I welcome you to the Chair, Mr Dobbin. Every year, an astonishing 250,000 people in the UK are reported missing to the police, and two thirds of those are under the age of 18. Occasionally, the country can be overwhelmed by public anxiety when faced with awful child abduction cases, such as that of Madeleine McCann, but we remain unaware of the vast majority of cases. I shall talk today about some of the key aspects of the missing persons phenomenon and the problems that families face when their loved ones go missing. I shall also highlight the current risk of closure to both the UK Missing Persons Bureau and the charity Missing People-two agencies that work hand in hand to help missing people and the devastated families they leave behind.
First, let us consider the scale of the challenge. Three quarters of the disappearances reported to the police are resolved in two days, but a significant minority-about 20,000-last longer than a week and 2,500 last in excess of a year. Adults are more likely to remain missing for longer periods than young people, and the National Policing Improvement Agency recently revealed that about 940 bodies found in the UK over the past 50 years remain unidentified. In the region of 10 new cases of unidentified bodies are registered with the Missing Persons Bureau each month.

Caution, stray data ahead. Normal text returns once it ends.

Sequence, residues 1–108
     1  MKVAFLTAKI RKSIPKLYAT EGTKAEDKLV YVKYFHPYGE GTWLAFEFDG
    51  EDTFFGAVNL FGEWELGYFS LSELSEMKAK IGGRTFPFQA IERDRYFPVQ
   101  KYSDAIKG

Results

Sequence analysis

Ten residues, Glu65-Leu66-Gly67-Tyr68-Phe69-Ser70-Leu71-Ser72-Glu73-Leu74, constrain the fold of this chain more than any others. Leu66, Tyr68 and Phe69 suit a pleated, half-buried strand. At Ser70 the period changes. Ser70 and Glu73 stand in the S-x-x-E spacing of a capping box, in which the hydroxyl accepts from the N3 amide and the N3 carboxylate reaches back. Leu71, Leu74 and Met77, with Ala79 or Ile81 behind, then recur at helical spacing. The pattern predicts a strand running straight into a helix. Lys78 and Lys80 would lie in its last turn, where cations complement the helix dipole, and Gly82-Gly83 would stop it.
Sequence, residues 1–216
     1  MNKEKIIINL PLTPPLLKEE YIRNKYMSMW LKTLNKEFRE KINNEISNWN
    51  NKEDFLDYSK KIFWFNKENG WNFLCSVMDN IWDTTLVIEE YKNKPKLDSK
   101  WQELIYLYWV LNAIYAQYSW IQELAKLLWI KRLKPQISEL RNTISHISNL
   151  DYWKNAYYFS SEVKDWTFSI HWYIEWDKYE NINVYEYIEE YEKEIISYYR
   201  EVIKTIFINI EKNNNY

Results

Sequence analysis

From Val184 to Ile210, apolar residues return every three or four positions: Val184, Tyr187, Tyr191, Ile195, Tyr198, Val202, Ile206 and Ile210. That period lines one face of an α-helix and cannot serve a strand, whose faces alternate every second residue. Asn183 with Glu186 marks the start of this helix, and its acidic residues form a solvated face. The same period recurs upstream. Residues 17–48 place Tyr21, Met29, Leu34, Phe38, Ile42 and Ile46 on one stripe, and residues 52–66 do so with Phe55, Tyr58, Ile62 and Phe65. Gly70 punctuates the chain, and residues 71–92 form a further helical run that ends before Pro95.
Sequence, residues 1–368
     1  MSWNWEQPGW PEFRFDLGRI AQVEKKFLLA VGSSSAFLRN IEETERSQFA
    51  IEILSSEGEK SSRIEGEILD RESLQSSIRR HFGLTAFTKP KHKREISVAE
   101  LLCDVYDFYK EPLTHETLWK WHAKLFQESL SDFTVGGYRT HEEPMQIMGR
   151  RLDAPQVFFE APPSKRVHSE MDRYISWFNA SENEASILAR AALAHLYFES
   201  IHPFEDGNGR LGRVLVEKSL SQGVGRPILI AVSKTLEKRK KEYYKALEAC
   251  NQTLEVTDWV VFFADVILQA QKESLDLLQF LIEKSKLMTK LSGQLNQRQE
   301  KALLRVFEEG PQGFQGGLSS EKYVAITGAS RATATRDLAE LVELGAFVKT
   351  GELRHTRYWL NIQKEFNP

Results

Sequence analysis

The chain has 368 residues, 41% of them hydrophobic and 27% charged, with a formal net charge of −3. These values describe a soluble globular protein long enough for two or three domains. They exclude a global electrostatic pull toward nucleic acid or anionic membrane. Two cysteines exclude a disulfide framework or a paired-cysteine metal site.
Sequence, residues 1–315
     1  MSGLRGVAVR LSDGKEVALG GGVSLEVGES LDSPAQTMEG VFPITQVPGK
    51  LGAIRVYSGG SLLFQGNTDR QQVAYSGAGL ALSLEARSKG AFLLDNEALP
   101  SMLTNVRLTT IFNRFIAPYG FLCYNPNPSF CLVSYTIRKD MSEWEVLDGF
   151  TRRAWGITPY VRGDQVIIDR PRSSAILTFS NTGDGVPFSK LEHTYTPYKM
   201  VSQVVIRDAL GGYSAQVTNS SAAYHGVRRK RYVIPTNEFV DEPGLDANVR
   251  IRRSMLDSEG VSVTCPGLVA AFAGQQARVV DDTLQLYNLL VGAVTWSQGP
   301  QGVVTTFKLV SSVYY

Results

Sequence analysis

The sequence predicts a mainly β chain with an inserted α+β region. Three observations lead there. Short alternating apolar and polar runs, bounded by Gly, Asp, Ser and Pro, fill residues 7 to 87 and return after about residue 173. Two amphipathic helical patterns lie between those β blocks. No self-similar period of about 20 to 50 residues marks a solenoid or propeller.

About 100,000 children aged under 16 run away each year, and 20% will be at high risk of being hurt or harmed. They might sleep rough or stay with someone they have just met. Research suggests that they are at serious risk, exposed to violence, criminality, substance abuse, sexual exploitation and trafficking. Other missing people are adults fleeing dysfunctional relationships or experiencing problems at work, or who have become detached from their families through drug and alcohol use and mental health problems. A smaller proportion of disappearances-still a significant number-result from a person going missing unintentionally. Examples include dementia sufferers becoming lost, or people having accidents or becoming victims of abduction and serious crime.
It is estimated that more than 1,000 missing people, including about 50 children, are found dead each year. These include people who take their own lives, who have an accident, who become lost and die of exposure, and who are victims of crime. The problem is far more widespread than most people would ever imagine.
As a local MP and the chair of the all-party parliamentary group on runaway and missing children and adults, I was interested in a recent exercise by Greater Manchester police. They tweeted every incident in which they were involved for 24 hours. In that short space of time, there were 127 calls relating to missing people, including five relating to missing children in my constituency of Stockport alone. That is a lot of people and a lot of anguish. The cases in my area included a 10-year-old boy, two 14-year-olds and one 15-year-old.